The Burden Of Progress

By Evah Wanjiku. Evah is a digital marketing consultant from Nairobi, Kenya. Please read her article and leave thoughts and comments below.

One thing I have become painfully aware of in the past few years is that we as a society have become adept at spouting off platitudes that sound extremely profound. The most egregious of these are #notallmen in response to #menaretrash, and #alllivesmatter in response to #blacklivesmatter. I thought of these when I first read the statement “hate attracts hate”. Since I did not want to draw conclusions without looking into the context of the quote, I sought out the film and its reviews and reception at the time of its release.

While many praised director Mathieu Kassovitz for his raw depiction of life in the outer suburbs of Paris (banlieue), the thing I found most fascinating was his casting choices, defying stereotypes and expectations to cast a black man (Hubert) as the quiet one, a Muslim man (Said) as the voice of reason, and a Jewish man (Vinz) as the radical. Unfortunately, these deliberate choices were undercut by having Hubert, the black character, say the “hate attracts hate” line.

So why is this statement and those mentioned above a platitude? Because they put the work of not only fixing broken systems, but also the work of apologizing for offended sensibilities on the victims instead of the perpetrators. First, in the wake of the Harvey Weinstein sexual assault scandal, the #metoo movement was expanded into the mainstream lexicon, and more and more women came forward with stories of assault, harassment, and generally toxic work environments created by men with the power to do so. These stories were generally accompanied by the hashtag #menaretrash to express the frustration women felt at having to explain themselves, and their general frustration with men who refused to speak up in the face of blatant discrimination and cruel sexism in the workplace.

In response, #notallmen began trending, with men sharing their stories of heroism that included: respecting their mothers and sisters, and not assaulting women who were incapacitated by alcohol. The issue is, shouldn’t men have been performing these supposedly generous acts regardless of applause and recognition? Also, the phrase men are trash does not imply that ALL men are trash. It simply seeks to recognize a system of governance, recognition and protection that has continually sought to exclude women from the decision-making process. Insisting that this discussion also recognize the men that did the bare minimum meant that women continued to spend precious time getting into arguments about the “right way to protest and create awareness”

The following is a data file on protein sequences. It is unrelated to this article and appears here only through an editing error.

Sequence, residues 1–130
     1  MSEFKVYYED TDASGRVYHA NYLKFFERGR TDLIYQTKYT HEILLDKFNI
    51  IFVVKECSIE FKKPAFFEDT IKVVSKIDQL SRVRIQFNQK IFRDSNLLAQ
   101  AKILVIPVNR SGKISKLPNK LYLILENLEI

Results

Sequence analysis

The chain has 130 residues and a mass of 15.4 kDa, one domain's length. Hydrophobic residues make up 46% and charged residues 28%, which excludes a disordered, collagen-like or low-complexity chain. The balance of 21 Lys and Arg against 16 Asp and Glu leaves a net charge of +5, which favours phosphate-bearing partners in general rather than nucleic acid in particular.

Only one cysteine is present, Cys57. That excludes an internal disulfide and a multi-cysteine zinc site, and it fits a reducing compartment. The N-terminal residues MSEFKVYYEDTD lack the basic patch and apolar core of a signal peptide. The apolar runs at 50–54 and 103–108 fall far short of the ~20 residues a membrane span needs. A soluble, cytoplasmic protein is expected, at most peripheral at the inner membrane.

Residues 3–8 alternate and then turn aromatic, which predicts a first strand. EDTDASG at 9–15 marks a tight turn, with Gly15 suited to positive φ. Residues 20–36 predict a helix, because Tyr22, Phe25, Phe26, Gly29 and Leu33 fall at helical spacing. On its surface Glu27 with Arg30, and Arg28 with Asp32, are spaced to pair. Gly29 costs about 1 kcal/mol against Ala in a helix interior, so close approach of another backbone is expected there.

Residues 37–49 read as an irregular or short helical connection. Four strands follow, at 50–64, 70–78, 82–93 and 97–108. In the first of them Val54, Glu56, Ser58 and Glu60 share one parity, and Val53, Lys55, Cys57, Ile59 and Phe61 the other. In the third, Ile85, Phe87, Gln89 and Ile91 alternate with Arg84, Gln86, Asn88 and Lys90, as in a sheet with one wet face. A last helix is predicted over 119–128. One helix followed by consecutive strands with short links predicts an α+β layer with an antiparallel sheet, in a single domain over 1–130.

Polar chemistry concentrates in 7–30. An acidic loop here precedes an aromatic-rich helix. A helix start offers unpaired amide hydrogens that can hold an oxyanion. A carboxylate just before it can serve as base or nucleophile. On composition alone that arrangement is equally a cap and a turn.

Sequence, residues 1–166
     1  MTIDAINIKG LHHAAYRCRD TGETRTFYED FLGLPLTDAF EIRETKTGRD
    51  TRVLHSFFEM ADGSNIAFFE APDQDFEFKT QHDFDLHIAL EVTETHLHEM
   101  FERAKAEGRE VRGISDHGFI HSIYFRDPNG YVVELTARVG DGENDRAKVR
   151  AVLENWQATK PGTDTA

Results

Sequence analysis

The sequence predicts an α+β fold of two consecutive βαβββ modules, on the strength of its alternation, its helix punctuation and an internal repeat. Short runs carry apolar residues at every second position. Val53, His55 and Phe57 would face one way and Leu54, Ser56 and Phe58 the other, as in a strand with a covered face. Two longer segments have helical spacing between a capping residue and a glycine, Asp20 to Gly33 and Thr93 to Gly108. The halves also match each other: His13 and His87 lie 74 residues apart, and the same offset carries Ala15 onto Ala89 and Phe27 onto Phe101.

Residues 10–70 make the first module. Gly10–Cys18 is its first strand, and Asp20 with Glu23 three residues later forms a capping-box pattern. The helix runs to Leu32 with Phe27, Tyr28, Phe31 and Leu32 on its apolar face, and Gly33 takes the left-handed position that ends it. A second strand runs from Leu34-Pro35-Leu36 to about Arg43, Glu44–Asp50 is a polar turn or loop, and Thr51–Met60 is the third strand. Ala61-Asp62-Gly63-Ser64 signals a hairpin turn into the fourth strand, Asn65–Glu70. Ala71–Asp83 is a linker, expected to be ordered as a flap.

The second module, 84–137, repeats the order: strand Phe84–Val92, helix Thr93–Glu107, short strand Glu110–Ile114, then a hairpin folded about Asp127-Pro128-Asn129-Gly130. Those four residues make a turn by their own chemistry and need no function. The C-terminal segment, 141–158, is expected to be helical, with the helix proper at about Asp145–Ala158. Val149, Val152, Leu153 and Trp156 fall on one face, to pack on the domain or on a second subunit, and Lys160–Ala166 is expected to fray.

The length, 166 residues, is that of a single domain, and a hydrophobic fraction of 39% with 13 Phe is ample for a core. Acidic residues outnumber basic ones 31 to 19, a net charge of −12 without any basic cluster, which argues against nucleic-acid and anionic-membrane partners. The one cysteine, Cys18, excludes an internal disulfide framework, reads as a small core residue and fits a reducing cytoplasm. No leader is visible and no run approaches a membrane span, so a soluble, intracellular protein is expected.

Second, after the death of Trayvon Martin, who was killed by George Zimmerman in what was later ruled a justifiable homicide under the ‘Stand Your Ground law,’ the statement Black Lives Matter was coined. It began getting traction, and has been used for every suspicious death of an African American person, especially in cases of alleged police brutality. In response, another hashtag, dubbed ‘All Lives Matter’ began making the rounds. The argument was that saying “Black Lives Matter” meant denying that the lives of all other people mattered. While this argument is facetious at best, it demonstrates the ways in which society feels it can police the protests of minorities.

This is not a new phenomenon though: Martin Luther King Jr. wrote about it in the Letter from a Birmingham Jail. Writing to clergymen who had released a statement upon his arrest calling his actions untimely. In response, he wrote:

‘We know through painful experience that freedom is never voluntarily given by the oppressor; it must be demanded by the oppressed. Frankly, I have yet to engage in a direct-action campaign that was “well timed” in the view of those who have not suffered unduly from the disease of segregation. For years now I have heard the word “Wait!” It rings in the ear of every Negro with piercing familiarity. This “Wait” has almost always meant “Never.” We must come to see, with one of our distinguished jurists, that “justice too long delayed is justice denied.”’

Once again, the burden of comforting the oppressor is placed squarely on the shoulders of the oppressed. It is for this reason that I feel Kassovitz is dealing in platitudes. Hubert’s argument is that while wanting revenge for the injuries caused on a friend by an alleged case of police brutality is perfectly human, engaging in the plot will only bring them more police into their home turf, and cause them more deaths, violence, and other problems. While it sounds reasonable at face value, what he is actually saying is that it is better to stay silent in the face of violence and oppression and hope for a way out.

In reality, staying small and quiet does not protect them from police brutality, as many minorities before them have learned over the years. Hate may attract hate, but it does not transfer the burden of progress onto the oppressed, neither does it demand the comfort of the privileged to take precedence over the lives and safety of those in no position to take a stand. The longer we as a society stay silent, the further into despair we fall.

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